Northern Ireland

Irish prime minister stands ready for Stormont talks

Leo Varadkar Image copyright PA

The taoiseach (Irish prime minister) has said he is ready to get involved in talks due to begin at Stormont on Wednesday if he thought it could help.

Leo Varadkar said if rights on same sex marriage or language applied elsewhere in the UK or Ireland he did not see why they should not apply in NI.

He said the best way to achieve this was not through it being dictated from Dublin or London.

The way forward was by having the Stormont parties form a government, he said.

Pulled the plug

Northern Ireland has been without a devolved government since 9 January 2017, when Sinn Féin pulled the plug on its power-sharing coalition with the Democratic Unionist Party (DUP).

The two parties have failed to find a resolution in spite of several rounds of talks.

Answering questions from Sinn Féin president Gerry Adams in the Dáil (Irish parliament), the taoiseach said that while rights are important it was also essential to have a Northern Ireland voice in relation to Brexit and to focus on practical day-to-day issues.

He reminded members of the Irish parliament that Sinn Féin previously held both the finance and health portfolios at Stormont, noted the problems arising in both areas and argued that people should not use demands for rights as a way of not taking responsibility.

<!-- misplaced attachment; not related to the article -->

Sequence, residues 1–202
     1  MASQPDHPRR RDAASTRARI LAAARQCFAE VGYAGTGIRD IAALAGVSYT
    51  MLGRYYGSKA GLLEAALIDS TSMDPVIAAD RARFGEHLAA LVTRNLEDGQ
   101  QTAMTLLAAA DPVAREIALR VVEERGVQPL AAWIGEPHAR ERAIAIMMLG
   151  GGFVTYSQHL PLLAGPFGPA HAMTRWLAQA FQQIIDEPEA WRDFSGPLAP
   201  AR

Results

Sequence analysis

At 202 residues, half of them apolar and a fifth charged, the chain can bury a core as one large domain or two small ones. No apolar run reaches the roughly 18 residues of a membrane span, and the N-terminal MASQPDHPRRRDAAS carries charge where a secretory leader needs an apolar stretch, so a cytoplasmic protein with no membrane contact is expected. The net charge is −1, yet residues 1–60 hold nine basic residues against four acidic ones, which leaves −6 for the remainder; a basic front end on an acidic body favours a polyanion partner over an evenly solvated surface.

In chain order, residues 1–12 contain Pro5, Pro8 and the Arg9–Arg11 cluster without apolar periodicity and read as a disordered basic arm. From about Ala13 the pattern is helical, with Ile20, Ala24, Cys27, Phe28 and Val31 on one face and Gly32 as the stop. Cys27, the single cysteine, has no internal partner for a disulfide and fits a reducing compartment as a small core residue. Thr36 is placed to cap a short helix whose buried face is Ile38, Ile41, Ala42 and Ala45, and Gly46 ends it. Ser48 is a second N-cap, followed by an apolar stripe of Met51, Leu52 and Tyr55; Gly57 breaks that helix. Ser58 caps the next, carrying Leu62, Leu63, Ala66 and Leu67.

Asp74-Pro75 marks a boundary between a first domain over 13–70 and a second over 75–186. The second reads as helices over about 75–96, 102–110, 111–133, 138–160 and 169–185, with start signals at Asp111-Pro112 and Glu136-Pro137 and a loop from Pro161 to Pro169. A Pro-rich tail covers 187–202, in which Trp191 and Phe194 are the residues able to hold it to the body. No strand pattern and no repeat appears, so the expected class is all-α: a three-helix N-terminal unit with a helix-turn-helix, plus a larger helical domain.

Image caption Parliament Buildings at Stormont awaits the achievement of a power-sharing deal

Mr Varadkar said the tánaiste (deputy prime minister), Simon Coveney, would be in Belfast on Wednesday for the talks aimed at re-establishing devolved government, and that he would discuss Northern Ireland with Prime Minister Theresa May at a conference they are both attending later in the week.

Mr Adams said that the taoiseach should avoid the temptation to portray the difficulties at Stormont as being "the fault of two problem parties".

He asked Mr Varadkar what rights he wanted Sinn Féin to compromise on.

Mr Adams also urged the taoiseach to meet people from north of the border outside the political parties to get a deeper sense of what is happening.

Dissident group

Both leaders welcomed the announcement of a ceasefire by the dissident group Óglaigh na hÉireann.

Ulster Unionist MLA Steve Aiken said Sinn Féin should not be allowed to hold Northern Ireland and its people to ransom.

He said that if the talks failed: "It is incumbent on the UK government to take responsibility and ensure that Northern Ireland has some form of functioning government, whether that is a voluntary coalition or move to direct rule."

More on this story